Pinocchio, Opera by Pierangelo Valtinoni
Pierangelo Valtinoni’s Pinocchio is an ideal way of introducing the young to the magic of live opera. Full of delightful fairy-tale characters, children who go to see the work performed at the Volksoper Wien will be utterly enchanted by everything that happens on the stage.
Composed to a libretto by Paolo Madron based on The Adventures of Pinocchio by Carlo Collodi, Pinocchio, burattino di talento (Pinocchio, the Talented Puppet) was first seen at the Teatro Olimpico in Vicenza on 5 May 2001. Valtinoni then shortened the opera’s name to just Pinocchio, but extended its length from one act to two. This new version, premiered at the Komische Oper in Berlin on 5 November 2006, enjoyed an uninterrupted three-year run at the theatre.
Pinocchio, despite being a puppet, has no need of strings; he can walk and talk just like any other boy. His creator, the woodcarver Geppetto, packs him off to school, but Pinocchio goes to the local marionette theatre instead. Its director, Mangiafuoco, desperate to find new stories for his shows, sends Pinocchio away to find them.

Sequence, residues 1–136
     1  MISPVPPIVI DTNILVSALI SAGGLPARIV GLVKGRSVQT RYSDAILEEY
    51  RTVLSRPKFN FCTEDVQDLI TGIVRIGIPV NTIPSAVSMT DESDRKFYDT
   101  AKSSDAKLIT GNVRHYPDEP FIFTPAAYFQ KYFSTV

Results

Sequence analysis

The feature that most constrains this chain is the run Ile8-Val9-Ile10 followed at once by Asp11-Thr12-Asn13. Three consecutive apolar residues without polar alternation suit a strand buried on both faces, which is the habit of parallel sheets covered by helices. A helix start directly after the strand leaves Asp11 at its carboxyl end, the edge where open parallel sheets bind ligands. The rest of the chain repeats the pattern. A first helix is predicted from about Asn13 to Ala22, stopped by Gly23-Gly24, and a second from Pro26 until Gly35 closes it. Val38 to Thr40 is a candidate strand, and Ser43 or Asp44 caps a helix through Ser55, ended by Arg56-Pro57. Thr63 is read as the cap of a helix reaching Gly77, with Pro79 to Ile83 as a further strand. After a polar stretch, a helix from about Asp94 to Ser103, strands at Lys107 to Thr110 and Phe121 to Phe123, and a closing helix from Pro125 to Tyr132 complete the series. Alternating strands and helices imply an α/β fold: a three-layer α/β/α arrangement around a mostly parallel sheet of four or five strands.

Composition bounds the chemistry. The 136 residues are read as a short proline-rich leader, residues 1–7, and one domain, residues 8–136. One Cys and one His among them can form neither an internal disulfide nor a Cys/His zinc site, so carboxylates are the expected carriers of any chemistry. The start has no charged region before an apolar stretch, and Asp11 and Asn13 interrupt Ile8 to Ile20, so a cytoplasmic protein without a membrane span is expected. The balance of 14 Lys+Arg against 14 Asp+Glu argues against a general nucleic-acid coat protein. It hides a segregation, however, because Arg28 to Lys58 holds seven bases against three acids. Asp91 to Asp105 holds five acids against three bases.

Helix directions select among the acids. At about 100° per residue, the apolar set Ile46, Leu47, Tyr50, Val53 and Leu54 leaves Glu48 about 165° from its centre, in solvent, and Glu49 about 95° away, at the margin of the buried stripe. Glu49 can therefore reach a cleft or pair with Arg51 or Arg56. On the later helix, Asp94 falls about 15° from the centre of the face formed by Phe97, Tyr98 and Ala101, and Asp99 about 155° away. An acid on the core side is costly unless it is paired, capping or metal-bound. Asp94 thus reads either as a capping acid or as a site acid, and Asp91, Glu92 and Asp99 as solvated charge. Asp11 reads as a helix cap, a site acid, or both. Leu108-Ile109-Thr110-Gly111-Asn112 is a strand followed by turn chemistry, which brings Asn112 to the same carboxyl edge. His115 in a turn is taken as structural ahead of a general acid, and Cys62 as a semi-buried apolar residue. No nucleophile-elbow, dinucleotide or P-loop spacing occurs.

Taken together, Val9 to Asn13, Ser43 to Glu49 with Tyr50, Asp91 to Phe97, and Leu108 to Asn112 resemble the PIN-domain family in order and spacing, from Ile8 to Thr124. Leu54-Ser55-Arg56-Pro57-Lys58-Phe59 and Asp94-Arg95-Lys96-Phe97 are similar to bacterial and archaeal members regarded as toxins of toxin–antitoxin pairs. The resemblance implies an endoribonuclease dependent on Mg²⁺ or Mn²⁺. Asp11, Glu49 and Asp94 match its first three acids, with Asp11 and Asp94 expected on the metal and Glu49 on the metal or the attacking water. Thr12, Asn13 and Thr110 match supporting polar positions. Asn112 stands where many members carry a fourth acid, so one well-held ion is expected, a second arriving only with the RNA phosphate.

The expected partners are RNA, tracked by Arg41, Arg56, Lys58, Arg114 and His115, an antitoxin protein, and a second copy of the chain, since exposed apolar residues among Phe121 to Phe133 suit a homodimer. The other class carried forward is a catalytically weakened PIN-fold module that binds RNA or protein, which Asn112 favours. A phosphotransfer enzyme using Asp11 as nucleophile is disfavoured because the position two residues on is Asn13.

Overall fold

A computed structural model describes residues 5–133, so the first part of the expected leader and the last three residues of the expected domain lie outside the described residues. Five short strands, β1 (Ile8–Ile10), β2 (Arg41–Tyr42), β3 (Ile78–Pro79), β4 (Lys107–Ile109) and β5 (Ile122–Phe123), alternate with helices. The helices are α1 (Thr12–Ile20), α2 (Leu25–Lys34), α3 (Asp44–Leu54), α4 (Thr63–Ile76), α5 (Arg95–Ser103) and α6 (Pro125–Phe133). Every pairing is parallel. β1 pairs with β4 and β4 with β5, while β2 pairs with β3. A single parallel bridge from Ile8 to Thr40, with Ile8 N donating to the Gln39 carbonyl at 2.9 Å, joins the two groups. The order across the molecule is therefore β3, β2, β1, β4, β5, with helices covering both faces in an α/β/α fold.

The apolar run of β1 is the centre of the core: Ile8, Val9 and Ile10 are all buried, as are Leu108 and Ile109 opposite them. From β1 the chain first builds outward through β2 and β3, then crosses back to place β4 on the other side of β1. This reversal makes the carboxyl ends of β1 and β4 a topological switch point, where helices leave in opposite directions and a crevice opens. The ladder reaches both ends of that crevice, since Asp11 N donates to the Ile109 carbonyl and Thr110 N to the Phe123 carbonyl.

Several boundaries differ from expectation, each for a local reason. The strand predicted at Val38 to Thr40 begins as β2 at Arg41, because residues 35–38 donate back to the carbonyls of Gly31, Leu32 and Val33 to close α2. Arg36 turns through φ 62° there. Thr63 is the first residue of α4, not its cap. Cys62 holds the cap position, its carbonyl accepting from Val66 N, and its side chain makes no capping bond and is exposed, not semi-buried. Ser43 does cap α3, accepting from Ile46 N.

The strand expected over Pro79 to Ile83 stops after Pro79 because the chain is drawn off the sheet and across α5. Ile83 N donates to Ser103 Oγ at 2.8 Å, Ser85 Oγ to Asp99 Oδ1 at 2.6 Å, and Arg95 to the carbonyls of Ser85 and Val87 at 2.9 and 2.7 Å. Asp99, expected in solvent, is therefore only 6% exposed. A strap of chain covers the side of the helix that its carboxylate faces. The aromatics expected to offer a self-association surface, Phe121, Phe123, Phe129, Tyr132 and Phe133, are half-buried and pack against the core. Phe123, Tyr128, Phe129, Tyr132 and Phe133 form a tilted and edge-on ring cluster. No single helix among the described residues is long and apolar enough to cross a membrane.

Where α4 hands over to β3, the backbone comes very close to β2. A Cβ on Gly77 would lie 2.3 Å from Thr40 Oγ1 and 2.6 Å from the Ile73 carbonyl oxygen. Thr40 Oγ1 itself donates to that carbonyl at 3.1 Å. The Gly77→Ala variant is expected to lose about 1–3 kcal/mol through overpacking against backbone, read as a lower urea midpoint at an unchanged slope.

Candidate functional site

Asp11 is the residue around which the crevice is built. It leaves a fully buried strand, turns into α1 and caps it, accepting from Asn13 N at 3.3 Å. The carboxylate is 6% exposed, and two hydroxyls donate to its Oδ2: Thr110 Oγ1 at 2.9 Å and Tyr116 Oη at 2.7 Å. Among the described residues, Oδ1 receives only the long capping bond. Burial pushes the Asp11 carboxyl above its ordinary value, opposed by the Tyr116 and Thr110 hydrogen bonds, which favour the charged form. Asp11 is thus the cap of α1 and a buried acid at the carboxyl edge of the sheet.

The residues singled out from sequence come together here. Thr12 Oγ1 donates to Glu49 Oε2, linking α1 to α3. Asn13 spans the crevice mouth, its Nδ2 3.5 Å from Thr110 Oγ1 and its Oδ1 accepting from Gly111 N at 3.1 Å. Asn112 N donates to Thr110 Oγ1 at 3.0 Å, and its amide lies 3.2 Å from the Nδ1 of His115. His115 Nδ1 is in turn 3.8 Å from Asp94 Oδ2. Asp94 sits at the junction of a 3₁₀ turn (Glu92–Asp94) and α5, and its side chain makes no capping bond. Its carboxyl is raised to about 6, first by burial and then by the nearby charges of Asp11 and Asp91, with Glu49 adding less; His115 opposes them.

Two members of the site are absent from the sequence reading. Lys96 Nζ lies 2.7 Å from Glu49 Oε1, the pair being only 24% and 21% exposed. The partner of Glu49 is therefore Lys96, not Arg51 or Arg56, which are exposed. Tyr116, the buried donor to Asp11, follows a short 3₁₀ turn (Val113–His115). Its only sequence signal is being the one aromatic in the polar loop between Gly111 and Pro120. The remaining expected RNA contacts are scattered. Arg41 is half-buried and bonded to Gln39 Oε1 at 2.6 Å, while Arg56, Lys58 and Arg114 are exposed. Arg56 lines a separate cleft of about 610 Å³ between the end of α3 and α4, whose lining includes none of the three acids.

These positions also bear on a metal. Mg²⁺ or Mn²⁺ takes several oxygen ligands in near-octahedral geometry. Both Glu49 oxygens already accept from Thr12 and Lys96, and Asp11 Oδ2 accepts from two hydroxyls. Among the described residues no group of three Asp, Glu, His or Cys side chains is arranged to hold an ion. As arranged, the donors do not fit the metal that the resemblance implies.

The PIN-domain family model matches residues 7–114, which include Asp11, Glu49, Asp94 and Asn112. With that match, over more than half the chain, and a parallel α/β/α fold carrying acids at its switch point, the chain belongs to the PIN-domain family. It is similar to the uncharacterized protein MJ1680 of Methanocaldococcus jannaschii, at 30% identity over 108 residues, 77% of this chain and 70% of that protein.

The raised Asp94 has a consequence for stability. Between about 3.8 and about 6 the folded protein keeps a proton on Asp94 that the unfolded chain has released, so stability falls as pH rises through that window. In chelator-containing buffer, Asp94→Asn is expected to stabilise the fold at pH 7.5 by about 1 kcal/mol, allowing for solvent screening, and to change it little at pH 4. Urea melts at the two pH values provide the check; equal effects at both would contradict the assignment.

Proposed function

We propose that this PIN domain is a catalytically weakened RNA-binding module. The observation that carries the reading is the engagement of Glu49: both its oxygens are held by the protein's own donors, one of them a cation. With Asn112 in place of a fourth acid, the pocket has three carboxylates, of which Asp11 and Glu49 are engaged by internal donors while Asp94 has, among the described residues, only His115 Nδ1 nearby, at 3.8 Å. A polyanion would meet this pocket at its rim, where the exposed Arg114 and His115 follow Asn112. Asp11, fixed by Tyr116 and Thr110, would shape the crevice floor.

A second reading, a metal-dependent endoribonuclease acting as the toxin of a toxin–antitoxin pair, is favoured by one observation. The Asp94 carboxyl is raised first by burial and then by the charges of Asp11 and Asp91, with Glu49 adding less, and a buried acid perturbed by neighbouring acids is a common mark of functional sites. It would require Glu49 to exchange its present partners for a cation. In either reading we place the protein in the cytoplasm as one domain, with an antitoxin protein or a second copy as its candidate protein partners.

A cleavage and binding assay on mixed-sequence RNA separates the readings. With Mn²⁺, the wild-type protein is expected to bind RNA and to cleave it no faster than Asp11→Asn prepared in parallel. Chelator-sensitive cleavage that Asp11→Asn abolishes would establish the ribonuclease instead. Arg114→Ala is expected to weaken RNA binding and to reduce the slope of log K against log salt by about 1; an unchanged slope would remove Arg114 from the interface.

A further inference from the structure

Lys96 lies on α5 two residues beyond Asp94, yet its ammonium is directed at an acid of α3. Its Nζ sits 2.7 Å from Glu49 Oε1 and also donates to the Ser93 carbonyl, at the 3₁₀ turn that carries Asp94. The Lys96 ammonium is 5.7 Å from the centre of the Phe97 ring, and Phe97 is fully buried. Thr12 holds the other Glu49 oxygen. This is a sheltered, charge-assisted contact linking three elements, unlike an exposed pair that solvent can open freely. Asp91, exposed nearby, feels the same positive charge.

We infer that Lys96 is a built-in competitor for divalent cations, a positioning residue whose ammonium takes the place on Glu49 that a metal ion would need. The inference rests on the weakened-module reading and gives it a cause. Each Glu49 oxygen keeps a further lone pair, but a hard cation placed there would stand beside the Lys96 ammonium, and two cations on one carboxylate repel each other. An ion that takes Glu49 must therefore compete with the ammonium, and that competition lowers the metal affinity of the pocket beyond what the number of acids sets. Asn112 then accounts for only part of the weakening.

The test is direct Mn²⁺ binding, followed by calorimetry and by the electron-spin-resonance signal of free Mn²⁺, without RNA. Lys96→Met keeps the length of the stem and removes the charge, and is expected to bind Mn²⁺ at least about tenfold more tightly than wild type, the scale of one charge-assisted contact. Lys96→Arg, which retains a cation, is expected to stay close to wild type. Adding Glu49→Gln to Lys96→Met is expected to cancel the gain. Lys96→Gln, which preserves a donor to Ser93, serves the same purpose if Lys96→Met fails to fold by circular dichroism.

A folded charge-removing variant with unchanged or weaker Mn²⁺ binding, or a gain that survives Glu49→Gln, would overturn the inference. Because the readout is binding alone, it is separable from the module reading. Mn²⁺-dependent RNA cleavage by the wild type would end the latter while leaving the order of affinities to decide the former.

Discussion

On his travels, Pinocchio is robbed. Left with no money to pay for his food and nowhere to stay, a fairy finds him half-frozen to death. The fairy brings him back to life, but when she asks him how he came to be in such a sorry state, he lies fearing she will think him a fool. His nose starts to grow and the fairy warns him of the consequences if he doesn’t start telling the truth.
Pinocchio continues on his way. He cannot resist the lure of the land of the idle where no one need work or study. However it’s all an illusion, the invention of a wicked sorcerer who then transforms his captives into donkeys. Distraught at his appearance, Pinocchio dives into the sea, only to be swallowed whole by a shark. There, in the beast’s belly, he finds Geppetto who has wandered the world looking him. Now it’s up to Pinocchio to prove his true worth.
Critics have praised Valtinoni for his lyricism and the echoes of Puccini, Ravel and Bernstein in his music. With a narrative that can be appreciated at many different levels, Pinocchio, the opera, is also storytelling at its very best.